He normally turned off the ceiling light before the room got dark, because of its tendency to create a reflective glare on the window, but this night he left it on. He scarcely noticed the additional light, however; he could not stop thinking about his eyes.


At the very end of his closet, occupying the hanger nearest the wall, was a vestige of his previous life, in which he had gone outside and done numerous things that most people do every day without thinking that anything remarkable has transpired, because for them, nothing has. And while a wetsuit is not an everyday article of clothing, it hung in his closet as a symbol of the days when he had worn such things. Looking at it, he wondered for the first time in years if it still fit.

Thinking back to the last time he had worn it, a jet skiing party with Madalyn’s friends the summer after he graduated from college, he compared his physique then to his body now. Despite the lack of running space in his house, he had amassed an impressive home gym in his basement and used it regularly, and if anything was in better shape now than he had been in college.

He tried on the wetsuit, flexed and felt along his arms and legs for any signs of untoward strain on the suit’s part, and then took it off again, satisfied that there were no obstacles in this phase of his still-forming plan. Next he took it into the spare bedroom and hung it on the door. Picking up his parents’ old mirror, he held it up to the suit. Although somewhat wider than he was at its middle, it would work suitably as a chest-piece. He set it in the hall, so it would not become lost in the jumble of the other mirrors, and looked for a back-piece, finding an ideal candidate underneath the dresser. As he pulled it out, he could see that it was larger than his chest mirror, though not too large for his purposes.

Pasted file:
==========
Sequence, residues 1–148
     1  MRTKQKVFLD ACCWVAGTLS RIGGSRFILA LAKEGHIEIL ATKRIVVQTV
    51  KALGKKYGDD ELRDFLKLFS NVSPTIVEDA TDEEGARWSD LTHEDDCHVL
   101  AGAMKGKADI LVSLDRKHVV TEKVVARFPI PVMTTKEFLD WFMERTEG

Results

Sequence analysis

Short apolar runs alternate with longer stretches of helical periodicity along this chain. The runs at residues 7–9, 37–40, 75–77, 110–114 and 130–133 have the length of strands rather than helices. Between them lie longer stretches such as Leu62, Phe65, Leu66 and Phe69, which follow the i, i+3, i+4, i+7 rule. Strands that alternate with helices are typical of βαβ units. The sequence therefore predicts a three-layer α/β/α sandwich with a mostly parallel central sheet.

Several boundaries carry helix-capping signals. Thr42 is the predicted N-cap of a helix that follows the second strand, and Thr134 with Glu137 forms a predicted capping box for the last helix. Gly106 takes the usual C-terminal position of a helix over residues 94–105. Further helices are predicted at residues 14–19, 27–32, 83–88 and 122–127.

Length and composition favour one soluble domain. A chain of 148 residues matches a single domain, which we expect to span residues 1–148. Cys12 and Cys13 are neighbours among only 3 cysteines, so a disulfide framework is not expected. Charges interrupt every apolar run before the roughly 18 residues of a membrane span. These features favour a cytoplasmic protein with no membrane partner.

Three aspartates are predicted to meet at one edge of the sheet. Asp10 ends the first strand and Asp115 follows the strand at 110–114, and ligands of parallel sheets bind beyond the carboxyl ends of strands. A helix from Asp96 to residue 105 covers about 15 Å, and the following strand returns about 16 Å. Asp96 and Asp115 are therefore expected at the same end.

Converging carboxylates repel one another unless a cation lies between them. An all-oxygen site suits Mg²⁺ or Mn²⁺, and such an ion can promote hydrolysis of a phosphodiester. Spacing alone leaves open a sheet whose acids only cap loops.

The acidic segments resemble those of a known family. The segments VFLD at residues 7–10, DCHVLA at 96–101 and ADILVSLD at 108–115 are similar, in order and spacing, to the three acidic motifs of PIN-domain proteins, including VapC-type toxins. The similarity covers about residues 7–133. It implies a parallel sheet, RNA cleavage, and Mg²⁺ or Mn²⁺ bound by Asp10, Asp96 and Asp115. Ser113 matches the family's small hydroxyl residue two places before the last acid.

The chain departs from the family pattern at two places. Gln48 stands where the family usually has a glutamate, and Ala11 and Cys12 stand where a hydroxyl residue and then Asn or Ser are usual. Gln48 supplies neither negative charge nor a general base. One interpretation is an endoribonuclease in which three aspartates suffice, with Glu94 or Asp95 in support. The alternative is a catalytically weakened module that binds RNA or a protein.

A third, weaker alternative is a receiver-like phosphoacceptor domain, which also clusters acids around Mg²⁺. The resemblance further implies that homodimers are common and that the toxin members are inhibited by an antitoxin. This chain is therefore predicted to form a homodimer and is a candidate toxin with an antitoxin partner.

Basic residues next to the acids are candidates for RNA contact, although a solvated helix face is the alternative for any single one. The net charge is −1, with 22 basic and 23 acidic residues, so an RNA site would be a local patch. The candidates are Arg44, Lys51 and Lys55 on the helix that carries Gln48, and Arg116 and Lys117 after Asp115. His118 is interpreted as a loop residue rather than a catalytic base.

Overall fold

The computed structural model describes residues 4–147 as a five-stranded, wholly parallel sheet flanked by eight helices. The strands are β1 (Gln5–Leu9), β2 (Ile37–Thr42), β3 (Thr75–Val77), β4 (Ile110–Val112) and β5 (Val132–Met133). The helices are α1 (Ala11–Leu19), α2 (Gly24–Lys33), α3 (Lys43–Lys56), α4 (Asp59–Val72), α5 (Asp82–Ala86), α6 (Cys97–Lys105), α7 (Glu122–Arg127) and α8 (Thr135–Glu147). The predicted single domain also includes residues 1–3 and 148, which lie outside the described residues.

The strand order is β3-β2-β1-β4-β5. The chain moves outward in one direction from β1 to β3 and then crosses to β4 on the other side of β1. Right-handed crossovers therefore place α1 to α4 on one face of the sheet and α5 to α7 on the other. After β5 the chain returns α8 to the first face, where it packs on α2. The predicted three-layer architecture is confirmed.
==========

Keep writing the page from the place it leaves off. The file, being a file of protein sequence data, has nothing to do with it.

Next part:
A set of eight strip mirrors he had once received as a present–originally, they were a joint gift to him and Madalyn–proved to be of adequate sizes to cover his arms. They had been manufactured for decorative purposes, and so were not all the same dimensions: half were longer and narrower, perfect for his forearms, while the rest were shorter and slightly rounded, and so would work well on his biceps. He found a similar but larger set to use for his legs. He would wear gloves on his hands.

Next he considered the problem of how to affix the mirrors to the wetsuit. Although the method was not terribly complex–he would use a combination of rubber cement and hanging wire threaded through the skin of the suit, making himself into a kind of human wall–the logistics of how to get himself into the suit with the mirrors attached to it was considerably more difficult. He was going to leave his joints unmirrored in order to maximize his flexibility, but the prospect of putting on a fully-mirrored suit without breaking some of the mirrors, to say nothing of the difficulty of hoisting up so much extra weight on his body at once, forced him to think of a compromise solution. He decided to attach, glue, or otherwise jerry-rig the mirrors on the back of the suit first, while he was not wearing it–because it would be impossible for him to do those with the suit on–and then once those were in place and he was wearing it, to put together the front half of the suit.